Saturday, February 6, 2010

Building a Tile Shower

Anyone who's building a tile shower should check out Schluter Systems. This product revolutionizes the way tile showers are built. Here's a little history on tile shower evolution. Traditionally the base of a tile showers was built using a mortar bed on top of a rubber membrane. The membrane was there to keep water from leaking, and the mortar bed provided the stable structure to which the tile could adhere. The sides of traditional tiled showers were made from a concrete backer board, which again acted as a stable structure that the tile could adhere to. For decades this is how tile showers were built. What a lot of people don't know is that the tile surface is not actually waterproof, water usually soaks into the grout joints and eventually dampens the structure behind and underneath it, hence the rubber membrane covering the floor and lower portions of the shower walls. In a shower that gets frequent daily use, the grout, concrete backer and mortar bed are expected to get wet, but because they're made of cement products, the dampness doesn't affect their structural integrity. This is all well and good, except we now know that substances that never dry out become a breeding ground for molds and mildew. So that's where Schluter Shower Systems excels. What Schluter Systems does is put the waterproof membrane between the tile and the structures, so the structures never ever get wet.

Sounds great, right? The old traditional method is history, right? Not really, cause there's one big difference in putting a Schluter Shower, and that's cost and time. Here's a breakdown of cost differentials. With a Schluter system, you can use drywall or blueboard as the wall structure, because it never gets wet or damp, which is far cheaper than concrete backer board. But the Schluter drain is about $100, compared to a traditional shower drain which is about $20. So depending on the size of your shower, these two offsetting costs end up washing each other out. The Schluter membrane, called "Kerdi" is also quite expensive and it comes in 2 sized rolls. I can tell you now, whatever size shower you're doing, buying one of the smaller rolls, isn't going to be enough. And the biggest additional cost, unless you are doing it yourself, will be time and labour. The membrane is installed using thin set, much like the way the tiles are eventually installed over top of it. So it nearly doubles your install labour costs. That said anyone who has ever tiled before could easily install the Shower System themselves, and there are many online resources to show you every step of the installation.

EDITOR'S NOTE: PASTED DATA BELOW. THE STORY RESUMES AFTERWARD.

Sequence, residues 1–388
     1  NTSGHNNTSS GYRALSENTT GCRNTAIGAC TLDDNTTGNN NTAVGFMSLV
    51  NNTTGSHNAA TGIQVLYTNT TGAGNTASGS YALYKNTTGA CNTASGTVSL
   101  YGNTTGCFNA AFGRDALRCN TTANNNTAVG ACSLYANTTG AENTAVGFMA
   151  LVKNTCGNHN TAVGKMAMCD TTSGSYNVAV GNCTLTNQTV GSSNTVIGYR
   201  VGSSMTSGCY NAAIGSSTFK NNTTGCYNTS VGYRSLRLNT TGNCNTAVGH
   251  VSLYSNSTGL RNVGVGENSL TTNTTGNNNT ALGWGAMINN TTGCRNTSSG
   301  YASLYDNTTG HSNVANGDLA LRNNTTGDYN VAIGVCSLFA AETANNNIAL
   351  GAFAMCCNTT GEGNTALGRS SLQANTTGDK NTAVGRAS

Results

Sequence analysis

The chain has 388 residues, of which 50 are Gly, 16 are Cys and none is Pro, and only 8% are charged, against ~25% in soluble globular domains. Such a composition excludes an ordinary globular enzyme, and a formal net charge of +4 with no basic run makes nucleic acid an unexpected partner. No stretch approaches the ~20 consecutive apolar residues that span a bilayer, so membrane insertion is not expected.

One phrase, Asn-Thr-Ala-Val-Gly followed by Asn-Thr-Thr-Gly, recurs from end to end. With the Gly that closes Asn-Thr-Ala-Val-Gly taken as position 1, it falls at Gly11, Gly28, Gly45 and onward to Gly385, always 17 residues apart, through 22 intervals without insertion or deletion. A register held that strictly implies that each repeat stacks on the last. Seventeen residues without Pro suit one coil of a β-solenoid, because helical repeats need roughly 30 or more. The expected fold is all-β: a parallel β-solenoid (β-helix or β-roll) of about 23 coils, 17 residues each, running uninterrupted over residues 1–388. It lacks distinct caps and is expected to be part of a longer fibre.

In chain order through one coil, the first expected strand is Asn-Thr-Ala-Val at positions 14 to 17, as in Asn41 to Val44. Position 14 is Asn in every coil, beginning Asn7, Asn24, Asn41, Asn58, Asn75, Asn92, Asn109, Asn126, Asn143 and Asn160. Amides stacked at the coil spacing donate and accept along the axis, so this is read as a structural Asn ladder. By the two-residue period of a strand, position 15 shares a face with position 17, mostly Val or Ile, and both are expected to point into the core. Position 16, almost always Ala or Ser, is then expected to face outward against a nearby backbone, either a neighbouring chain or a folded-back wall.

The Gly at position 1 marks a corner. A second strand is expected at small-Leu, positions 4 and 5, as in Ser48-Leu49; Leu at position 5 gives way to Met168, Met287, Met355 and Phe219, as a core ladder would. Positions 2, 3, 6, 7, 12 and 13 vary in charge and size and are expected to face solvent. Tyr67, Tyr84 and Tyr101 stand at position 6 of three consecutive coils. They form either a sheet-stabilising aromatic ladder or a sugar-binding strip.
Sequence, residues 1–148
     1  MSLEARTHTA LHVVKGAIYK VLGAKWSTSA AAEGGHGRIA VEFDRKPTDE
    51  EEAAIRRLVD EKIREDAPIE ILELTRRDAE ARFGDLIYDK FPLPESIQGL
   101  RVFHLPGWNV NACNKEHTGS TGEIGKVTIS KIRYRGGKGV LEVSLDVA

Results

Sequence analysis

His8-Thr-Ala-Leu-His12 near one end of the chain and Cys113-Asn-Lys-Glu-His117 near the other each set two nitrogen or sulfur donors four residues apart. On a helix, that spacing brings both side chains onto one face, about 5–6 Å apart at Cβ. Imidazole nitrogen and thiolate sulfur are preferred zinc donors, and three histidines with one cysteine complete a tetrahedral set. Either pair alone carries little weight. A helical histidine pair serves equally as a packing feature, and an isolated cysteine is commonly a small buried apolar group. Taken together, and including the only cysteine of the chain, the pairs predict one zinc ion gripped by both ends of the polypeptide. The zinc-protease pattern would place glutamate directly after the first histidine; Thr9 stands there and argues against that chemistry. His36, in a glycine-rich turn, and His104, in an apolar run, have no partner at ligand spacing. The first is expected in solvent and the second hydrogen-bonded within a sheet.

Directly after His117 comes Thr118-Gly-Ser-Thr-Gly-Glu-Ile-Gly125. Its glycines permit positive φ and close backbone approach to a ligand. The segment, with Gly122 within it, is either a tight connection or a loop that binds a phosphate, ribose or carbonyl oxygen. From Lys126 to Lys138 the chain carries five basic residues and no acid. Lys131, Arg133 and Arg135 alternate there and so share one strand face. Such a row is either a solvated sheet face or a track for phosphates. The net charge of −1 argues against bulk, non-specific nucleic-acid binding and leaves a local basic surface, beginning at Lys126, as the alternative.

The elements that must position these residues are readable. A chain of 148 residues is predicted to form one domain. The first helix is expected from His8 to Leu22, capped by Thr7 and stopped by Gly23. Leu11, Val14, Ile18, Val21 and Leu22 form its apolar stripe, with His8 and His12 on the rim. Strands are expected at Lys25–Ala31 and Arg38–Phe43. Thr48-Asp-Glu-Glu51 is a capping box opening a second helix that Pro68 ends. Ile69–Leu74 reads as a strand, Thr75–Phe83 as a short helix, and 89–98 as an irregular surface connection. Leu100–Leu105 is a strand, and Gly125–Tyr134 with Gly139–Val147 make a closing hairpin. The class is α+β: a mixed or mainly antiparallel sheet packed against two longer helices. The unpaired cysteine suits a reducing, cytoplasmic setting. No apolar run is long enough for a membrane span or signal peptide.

So here's my project at the various stages.

Mortar bed finished, that round thing is the Kerdi drain (NOTE: This must be used with this Shower System, the traditional drain has weep holes and will not work in this application):






























Here's the shower covered in the Kerdi membrane. Make sure you have over-lapped the joints and corners:






























And now for the pretty stuff. Tumbled marble floor tile (NOTE: Make sure that the tile you choose is actually 4" or 2", to fit around the drain):
























And finally the wall tile and grout:


4 comments:

Stella said...

This is great! I'm thinking of doing this myself one day. Can you tell me a bit about how you made the little shelf?

Roncie Vic said...

Thanks Stella, unfortunately i didn't take very many photos of the process,but i'll try to describe how the nook is made. The shower happens to be 32 inches wide (three studs, 16" apart). So when i stripped it back to the studs. I had studs on either side of the back wall and one down the middle of the back wall. I basically cut a couple 16" 2x4's to run between the left stud to the middle stud. this forms the top and bottom of the nook. Then i used a couple more short 2x4's to frame in the nook to my desired width. Then i re-dry-walled everything except the nook. Over all that went the Kerdi membrane - this part is a bit tricky, as you do want to make sure that you overlap your seams. Once that was set, i tiled and grouted it. The tile in the back of the nook is extra tumbled marble that i had from the shower floor, and the sides of the nook are made of marble thresholds, exactly like the sill of the shower. Hope this helps.

Stella said...

Thanks! Very cool stuff.

Timeless Style Design said...

Your finished shower looks great and your demo story was amusing...our basement was also used as an apartment at some point in the past (probably 30+ years ago) and I think we had the same flimsy shower unit!